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December 14, 1939 - Image 4

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The Michigan Daily, 1939-12-14

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E I..c Al. C ANY I1 A t L Y




Edited and managed by students of the University of
Michigan under the authority of the Board in Control o
Student Publications.
Published every morning except Monday during the
University year and Summer Session.
Member of the Associated Press
The Associated Press is exclusively entitled to the
use for republication of all news dispatches credited to
it, r not otherwise credited in this newspaper. All
rights of republication of all other matters herein also
Entered at the Post Office at Ann Arbor, Michigan, as
9eeond class mail matter.
Subscriptions during regular school year by carrier,
$4.00; by mril, $4.50.
Nationl Advertising Service, Inc.
College Pablishers Represenlative
Member, Associated Collegiate Press, 1939=40

Carl Petersen
B|hiott Maraniss
Stan M. Swinton
Morton L. Linder
Nbrman A. Schorr
Dennis 'Flanagan
John N. Canavan
Ann c.ary
Uel Flneberg

Editorial Staf
.ses .
Business Staff

Managing Editor
Editorial Director
City Editor
Associate Editor
SAssociate Editor
Associate Editor
Associate Editor
. Women's Editor
Sports Editor
. Paul H. Park
Ganson P. Taggart
Zenovia Skoratko
. Jane MoWers
Harriet S. Levy

Business Manager
Asst. Business Mgr., Credit Manager
Women's Business Manager
Women's Advertising Manager
Publications Manager


The editorials published in The Michigan
Daily are written by members of The Daily
staff and represent the views of the writers
American Seamen In
Relief Drydock .. .
THE GOVERNMENT said it would
provide for them, and it tried. But
last week there were still 750 of the 1,200 Ameri-
can sailors, beached when the cash-and-carry
law went into effect, among the missing, so far
as government benefits were concerned.
When the change in our neutrality policy put
most of America's merchant marine in drydock,
the Administration gave assurance that at least
1,000 of the jobless sailors would be placed in
government naval schools and kept active until
the seas were again free. Though admittedly not
a solution to the problem, the relief program
was the only feasible measure that Washington
could offer.
UP TO LAST WEEK, however, only 72 sailors
had applied for service in these schools.
Another 507 had applied for relief in New York
City, and 372 had been accepted. The remain-
der, about 750, have received no relief of any
Behind the seamen's disregard of the govern-
ment's plan to have them enrolled in maritime
schools, however, is a maze of petty bickering
and mistrusts in which the entire relief pro-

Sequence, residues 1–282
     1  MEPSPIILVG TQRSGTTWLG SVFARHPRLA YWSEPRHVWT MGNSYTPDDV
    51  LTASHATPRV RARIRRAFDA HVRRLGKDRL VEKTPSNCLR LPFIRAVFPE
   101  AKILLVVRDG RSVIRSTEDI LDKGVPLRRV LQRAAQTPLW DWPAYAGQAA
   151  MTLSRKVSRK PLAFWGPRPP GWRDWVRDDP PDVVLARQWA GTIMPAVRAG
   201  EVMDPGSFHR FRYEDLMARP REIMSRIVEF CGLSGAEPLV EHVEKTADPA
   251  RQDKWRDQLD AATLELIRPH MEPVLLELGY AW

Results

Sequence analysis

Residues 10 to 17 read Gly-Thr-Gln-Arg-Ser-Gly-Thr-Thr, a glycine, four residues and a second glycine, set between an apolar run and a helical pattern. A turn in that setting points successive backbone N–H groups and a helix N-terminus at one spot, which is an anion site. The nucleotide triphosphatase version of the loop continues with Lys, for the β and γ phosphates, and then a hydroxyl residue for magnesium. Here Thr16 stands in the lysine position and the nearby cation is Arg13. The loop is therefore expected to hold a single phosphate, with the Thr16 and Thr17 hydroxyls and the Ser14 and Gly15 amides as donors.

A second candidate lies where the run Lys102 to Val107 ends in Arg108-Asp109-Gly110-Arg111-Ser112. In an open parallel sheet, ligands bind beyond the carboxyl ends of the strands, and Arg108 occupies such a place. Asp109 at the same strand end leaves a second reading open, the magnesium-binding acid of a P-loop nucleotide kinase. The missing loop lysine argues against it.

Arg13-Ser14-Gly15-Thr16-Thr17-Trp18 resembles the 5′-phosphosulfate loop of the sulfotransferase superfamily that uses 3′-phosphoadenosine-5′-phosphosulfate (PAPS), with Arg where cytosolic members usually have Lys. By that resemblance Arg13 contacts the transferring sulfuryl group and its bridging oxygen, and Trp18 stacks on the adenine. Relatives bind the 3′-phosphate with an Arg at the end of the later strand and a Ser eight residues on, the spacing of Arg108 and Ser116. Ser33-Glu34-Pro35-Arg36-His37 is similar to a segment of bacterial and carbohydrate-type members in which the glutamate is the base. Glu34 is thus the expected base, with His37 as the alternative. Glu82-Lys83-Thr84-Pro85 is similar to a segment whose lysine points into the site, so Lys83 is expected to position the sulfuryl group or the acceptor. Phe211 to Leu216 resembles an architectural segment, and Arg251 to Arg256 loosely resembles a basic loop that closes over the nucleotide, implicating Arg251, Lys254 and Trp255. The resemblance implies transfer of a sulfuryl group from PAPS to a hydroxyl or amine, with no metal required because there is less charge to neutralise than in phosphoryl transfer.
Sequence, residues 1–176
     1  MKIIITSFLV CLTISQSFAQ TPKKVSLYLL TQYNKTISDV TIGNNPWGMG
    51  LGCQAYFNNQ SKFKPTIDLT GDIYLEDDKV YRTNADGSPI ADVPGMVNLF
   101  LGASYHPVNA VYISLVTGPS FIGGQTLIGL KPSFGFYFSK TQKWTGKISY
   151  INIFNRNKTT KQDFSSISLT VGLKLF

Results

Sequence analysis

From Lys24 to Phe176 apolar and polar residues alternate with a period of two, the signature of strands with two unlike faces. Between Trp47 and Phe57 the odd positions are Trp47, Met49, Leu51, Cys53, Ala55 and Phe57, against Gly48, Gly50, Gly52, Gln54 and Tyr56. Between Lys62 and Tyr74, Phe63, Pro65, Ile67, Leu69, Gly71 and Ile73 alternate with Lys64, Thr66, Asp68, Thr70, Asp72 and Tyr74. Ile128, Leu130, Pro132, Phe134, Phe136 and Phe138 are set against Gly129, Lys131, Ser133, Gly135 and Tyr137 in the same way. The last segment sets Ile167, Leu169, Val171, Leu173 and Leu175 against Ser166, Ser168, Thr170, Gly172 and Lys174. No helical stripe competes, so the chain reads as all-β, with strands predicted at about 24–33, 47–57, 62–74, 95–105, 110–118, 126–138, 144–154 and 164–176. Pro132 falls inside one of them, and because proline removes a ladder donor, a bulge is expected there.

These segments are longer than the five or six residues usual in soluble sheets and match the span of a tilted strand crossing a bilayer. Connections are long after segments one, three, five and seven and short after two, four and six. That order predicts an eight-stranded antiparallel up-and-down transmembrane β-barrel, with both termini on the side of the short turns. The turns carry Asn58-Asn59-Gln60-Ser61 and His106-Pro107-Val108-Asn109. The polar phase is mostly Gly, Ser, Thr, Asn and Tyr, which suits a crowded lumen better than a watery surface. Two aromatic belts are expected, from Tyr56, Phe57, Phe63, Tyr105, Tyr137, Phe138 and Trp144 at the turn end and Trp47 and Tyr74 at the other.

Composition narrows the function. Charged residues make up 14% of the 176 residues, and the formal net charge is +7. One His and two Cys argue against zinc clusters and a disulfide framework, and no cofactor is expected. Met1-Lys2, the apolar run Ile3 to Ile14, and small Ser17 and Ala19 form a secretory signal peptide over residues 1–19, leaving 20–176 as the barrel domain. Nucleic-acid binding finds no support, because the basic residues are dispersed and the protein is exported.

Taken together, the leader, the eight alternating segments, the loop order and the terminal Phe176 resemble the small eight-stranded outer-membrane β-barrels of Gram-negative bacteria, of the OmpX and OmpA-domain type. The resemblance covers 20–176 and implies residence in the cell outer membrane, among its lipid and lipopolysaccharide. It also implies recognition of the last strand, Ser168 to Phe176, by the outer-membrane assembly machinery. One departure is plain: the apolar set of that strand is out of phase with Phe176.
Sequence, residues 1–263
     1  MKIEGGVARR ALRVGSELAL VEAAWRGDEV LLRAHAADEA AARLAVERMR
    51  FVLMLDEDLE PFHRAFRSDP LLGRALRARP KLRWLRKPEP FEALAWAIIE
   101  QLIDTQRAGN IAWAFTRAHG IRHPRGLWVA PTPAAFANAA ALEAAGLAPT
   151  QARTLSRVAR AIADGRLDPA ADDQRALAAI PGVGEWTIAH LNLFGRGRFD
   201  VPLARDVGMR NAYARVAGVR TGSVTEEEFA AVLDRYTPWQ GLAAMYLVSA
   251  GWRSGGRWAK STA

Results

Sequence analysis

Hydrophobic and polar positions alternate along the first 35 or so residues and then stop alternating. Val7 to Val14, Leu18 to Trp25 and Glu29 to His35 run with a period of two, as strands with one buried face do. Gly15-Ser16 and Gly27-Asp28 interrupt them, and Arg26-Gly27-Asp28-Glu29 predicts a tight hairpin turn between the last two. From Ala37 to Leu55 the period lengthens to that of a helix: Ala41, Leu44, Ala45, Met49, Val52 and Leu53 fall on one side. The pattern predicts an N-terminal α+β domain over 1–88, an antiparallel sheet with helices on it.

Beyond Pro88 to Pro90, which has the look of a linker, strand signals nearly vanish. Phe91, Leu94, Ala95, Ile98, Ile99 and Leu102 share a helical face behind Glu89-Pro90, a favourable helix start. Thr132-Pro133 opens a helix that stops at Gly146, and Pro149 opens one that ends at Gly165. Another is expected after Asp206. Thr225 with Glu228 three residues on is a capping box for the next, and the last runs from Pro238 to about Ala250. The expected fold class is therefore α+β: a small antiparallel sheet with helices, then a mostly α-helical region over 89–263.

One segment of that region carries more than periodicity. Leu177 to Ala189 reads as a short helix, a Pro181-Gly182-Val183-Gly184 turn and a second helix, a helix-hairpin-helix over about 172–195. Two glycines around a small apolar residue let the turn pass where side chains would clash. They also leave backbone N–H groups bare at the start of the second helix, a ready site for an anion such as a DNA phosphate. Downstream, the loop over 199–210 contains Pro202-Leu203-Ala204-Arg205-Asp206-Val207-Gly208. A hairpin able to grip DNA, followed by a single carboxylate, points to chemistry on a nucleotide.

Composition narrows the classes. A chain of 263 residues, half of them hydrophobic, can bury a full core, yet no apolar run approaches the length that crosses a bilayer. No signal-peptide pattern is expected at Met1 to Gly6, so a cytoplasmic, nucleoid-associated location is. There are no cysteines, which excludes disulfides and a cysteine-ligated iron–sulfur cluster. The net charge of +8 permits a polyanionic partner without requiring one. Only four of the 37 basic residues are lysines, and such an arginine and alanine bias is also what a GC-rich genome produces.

gram for the sailors has become obscured.
The fight is between the C1 National Mari-
time Union and the United States Maritime
Commission. Point of the Union balkyness is
that the Commission has taken sides with the
ship-owners and will ultimately use the mari-
time schools as spawning grounds for strike-
breakers. As a consequence the CIO has dis-
couraged most of the sailors from entering the
HE COMMISSION, on the other hand, admits
that its sympathies lie with the ship-owners.
Leading the Commission's attack against the
Union is Admiral Henry A. Wiley, (U.S.N. re-
tired), who has charged the Union's president,
Joseph Curran, with conducting a campaign of
"misrepresentation," of "capitalizing upon the
misfortune of seamen," of being "motivated by
powers outside yourself and the organization."
In the meantime, while the Commission and
the Union argue these points, 750 sailors ar
jobless, and the Government, willing to provide
relief funds, is stymied. Perhaps the Union and
Commission have very real and very serious
reasons for persisting in their struggle. The
reasons they have expressed, however, seem
based on mistrust and obstinacy too petty to be
considered as obstacles blocking a program as
needed as relief for the sailors.
For here are men thrown out of their jobs
so that the rest of America may feel safe against
involvement in war. It is a time when the Mari-
time Union and the Commission should seek to
settle their differences rather than build new
bases for conflict.
-Hervie Haufler
Now Is T-e Time- . .
When you learned to typewrite--if you took
a formal course-you at some time wrote over
and over that famous line:
"Now is the time for all good men to c6nie to
the aid of their party."
No more significance was ever attached to that
phrase than is being attached today. Not so
many months ago people were saying that the
elephant was dead--the "Grand Old Party" had

In Re Zionism.. ..
To the Editor:
YOUR ISSUE of Sunday, Dec. 3, a leadin
editorial by Robert Speckhard took issue with
conclusions drawn by Dr. Ludwig Lewisohn at
a recent address in Rackham Memorial Hall.
Mr. Speckhard concludes his editorial thus: "The
elimination of the stupid, exhausting and ever-
lasting competition for existence in our capital-
istic society and the evolution of a society in
which an equitable and decent existence is a
heritage of man and not the doubtful prize of
bitter human struggle is the only permaned
solution of the minority problem."
A fine piece of Marxian dialectic! A sweeping
statement and a sweeping solution for every-
thing! Such simplicity! The ancient Messianic
dream doctored up by Socialist theories with the
spiritual coloring blacked out. It is so easy to